More on rice — it must be an important topic for me, and well, being from the Philippines and growing up with family farming rice, I now understand why!
A big portion of the earth’s population survives on rice.
Years ago, someone told me that the Philippines does not produce enough rice to feed its people. I wondered if this was still true, did some research, and indeed, this remains true today.
It is interesting that the International Rice Research Institute (IRRI) is located in the Philippines. Sixty percent of the rice grown on the planet today come from seeds developed through IRRI. One would think that as this respected research organization is in the Philippines, the Philippines would eventually produce enough rice to feed its people.
But it is a complex issue, and in fact, the Philippines is currently the largest importer of rice in the world, importing around 1.8 million tons of rice in 2008 (Source: United States Department of Agriculture).
According to the IRRI, there are three main factors which explain why the Philippines imports rice:
- Land area: The Philippines has around 300,000 square kilometers, of which around 43,000 square kilometers of harvested area are used for rice production.
As most of the country is very mountainous and consists of many small islands, suitable land is limited to expand rice production into without affecting wetlands, forests, or areas producing other crops. Urban areas also continue to expand rapidly.
- Population growth: The population of the Philippines is estimated at 97 million (IRRI Data and UN Data from 2010 lists 93.6 million). Its annual growth rate of around 2% – among the world’s highest – means that just to keep pace with growing demand the country would have to increase rice production and yield at rates rarely seen in history.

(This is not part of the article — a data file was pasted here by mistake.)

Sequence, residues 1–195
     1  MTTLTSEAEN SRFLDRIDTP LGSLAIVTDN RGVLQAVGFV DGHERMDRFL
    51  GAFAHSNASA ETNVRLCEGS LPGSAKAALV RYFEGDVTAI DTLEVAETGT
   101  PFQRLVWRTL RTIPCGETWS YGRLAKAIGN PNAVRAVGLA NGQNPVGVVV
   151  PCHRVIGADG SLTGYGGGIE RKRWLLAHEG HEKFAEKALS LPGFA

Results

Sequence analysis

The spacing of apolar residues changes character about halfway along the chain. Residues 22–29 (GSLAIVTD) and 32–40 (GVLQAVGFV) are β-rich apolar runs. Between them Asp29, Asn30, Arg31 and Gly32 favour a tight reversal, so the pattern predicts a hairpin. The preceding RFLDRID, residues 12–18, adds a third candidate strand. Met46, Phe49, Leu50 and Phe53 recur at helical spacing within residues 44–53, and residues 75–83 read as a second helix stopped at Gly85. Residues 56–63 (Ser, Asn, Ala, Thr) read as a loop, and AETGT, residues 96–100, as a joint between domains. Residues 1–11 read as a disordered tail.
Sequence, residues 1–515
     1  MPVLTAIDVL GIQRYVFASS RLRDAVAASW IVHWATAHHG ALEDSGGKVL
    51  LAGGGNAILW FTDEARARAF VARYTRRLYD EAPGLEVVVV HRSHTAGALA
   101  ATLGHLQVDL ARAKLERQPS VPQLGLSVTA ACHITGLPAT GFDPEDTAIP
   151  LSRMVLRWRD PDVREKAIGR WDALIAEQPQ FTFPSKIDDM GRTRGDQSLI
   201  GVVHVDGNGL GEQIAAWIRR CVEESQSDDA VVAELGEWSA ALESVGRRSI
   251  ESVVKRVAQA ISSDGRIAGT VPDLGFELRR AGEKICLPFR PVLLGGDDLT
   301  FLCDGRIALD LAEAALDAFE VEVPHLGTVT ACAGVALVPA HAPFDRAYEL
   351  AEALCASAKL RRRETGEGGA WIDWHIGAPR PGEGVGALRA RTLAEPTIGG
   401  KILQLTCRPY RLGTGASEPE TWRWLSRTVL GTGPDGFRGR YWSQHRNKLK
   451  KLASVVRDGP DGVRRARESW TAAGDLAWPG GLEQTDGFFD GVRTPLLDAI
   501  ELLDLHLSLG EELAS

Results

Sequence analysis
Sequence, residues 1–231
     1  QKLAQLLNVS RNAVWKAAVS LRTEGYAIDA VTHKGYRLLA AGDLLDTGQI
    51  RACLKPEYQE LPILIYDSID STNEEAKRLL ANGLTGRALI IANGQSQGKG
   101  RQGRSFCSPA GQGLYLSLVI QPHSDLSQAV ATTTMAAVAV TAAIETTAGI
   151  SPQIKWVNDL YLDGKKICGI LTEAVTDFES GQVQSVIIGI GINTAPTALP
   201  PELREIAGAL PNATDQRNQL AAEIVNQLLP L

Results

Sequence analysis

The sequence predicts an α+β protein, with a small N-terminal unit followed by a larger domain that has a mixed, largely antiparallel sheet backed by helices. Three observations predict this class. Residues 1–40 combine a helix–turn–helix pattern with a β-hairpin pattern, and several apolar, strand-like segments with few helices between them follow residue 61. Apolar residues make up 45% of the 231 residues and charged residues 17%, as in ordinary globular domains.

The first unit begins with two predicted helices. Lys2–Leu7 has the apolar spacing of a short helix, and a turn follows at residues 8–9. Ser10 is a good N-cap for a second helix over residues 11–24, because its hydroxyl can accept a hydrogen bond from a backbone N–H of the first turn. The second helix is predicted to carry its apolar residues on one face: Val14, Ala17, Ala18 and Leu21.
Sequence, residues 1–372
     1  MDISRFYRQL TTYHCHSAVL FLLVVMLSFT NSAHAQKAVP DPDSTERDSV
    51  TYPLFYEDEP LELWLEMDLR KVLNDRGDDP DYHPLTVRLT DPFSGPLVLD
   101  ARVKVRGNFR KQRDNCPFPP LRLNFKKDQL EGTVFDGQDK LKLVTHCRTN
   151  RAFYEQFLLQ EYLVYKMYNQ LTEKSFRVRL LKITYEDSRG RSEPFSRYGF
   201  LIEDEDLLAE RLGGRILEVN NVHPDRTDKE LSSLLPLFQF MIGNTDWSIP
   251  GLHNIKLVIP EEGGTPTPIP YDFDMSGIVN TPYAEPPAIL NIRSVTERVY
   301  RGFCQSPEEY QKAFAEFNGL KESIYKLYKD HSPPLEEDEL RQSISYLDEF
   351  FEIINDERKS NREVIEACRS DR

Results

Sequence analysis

- Infrastructure: Irrigation infrastructure is not used and maintained as efficiently as it could be, thus reducing productivity potential. Transport infrastructure, particularly good-quality roads, is lacking in the Philippines, which affects the transport of rice and hinders the rice trade.
The IRRI continues work to help Filipino farmers raise rice harvest yields, which at this time, is more than Indian or Thailand rice fields, but still under those produced by Chinese and Vietnamese rice farmers.
NOTE: More rice related articles can be accessed by visiting the “Rice, Rice & More Rice” category under the parent topic, The Philippines.
Among Lolako.com’s most popular Philippine related post are about
- How many – and where – do Filipinos live and work overseas (post on OFWs)
- About bringing tuyo, bagoong and ginamos when traveling to the U.S – see the comments section on “Luggage with a special kind of stinky” post.
- The much-loved UBE and why we have so many purple foods
- Corn and Cheese Ice Cream, anyone? About our unique tropical ice creams
- Haring Ibon, about the magnificent and critically endangered Philippine Eagle
- Two items you definitely do not want to pack in your luggage, when traveling from the Philippines to the U.S. (you may be surprised about this U.S. Customs ban!)
So were you surprised that the Philippines imports a lot rice, despite seeing rice fields pretty much WHEREVER you travel in the Philippines? Please comment…I would really like to know what you think.